Braiding prose poetry with bachata lyrics and the gritty humor of Canary dialect, Dogs of Summer is a story of exquisite yearning, a brutal picture of girlhood and a love song written for the vital community it portrays.
About the Author
Andrea Abreu was born in 1995 in Tenerife, Spain. In 2021, Granta named her one of the best Spanish writers under the age of 35. Dogs of Summer, her debut novel, will be translated into 16 languages and adapted for the screen by El Estudio.
"Read this coming-of-age story for its unsparing language and vivid sense of place."
—The New York Times
“In playful language, Abreu beautifully evokes a land of ‘light stored for so many thousands of years’, and an era of telenovelas and the birth of the internet, in which Pokémon and Bratz dolls give way to sexual discovery.”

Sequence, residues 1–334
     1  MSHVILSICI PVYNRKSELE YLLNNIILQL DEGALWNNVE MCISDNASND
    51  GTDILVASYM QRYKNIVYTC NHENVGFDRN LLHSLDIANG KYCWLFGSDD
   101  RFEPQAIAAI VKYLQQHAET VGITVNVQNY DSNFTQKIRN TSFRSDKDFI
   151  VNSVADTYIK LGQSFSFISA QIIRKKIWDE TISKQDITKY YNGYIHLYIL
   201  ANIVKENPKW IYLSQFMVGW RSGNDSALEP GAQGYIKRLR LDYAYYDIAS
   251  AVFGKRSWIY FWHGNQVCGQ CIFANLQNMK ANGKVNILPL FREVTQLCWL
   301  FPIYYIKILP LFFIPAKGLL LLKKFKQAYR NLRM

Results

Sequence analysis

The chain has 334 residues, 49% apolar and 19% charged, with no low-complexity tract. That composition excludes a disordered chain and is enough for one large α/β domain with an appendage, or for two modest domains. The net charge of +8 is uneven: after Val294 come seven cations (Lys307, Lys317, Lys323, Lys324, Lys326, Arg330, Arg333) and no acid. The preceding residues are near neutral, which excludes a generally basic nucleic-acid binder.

—John Self, The Guardian
“One of the hottest translated novels of late . . . Dogs of Summer does a good job unnerving a reader in any language; it’s about girls navigating the complexities of being on the cusp of puberty as their bodies become increasingly more unrecognizable to them. Abreu captures the unique discomfort of this time through run-on sentences that are experimental and abrasive while also interspersing bachata dance music and chat-room threads.”
—Greta Rainbow, Shondaland
"Abreu’s novel, in Julia Sanches’s sparkling translation, is a revelation, perfectly capturing a festering summer of meltdowns and shrinking horizons."
—Anderson Tepper, The New York Times
“Emotionally resonant . . . Abreu’s exhilarating chronicle of a young friendship is not to be missed.”
—Publishers Weekly (Starred Review)
"This frank exploration of the work of growing up as a girl in a place with limited horizons (don’t forget the clouds!) illuminates while it disturbs. This is not Little Women."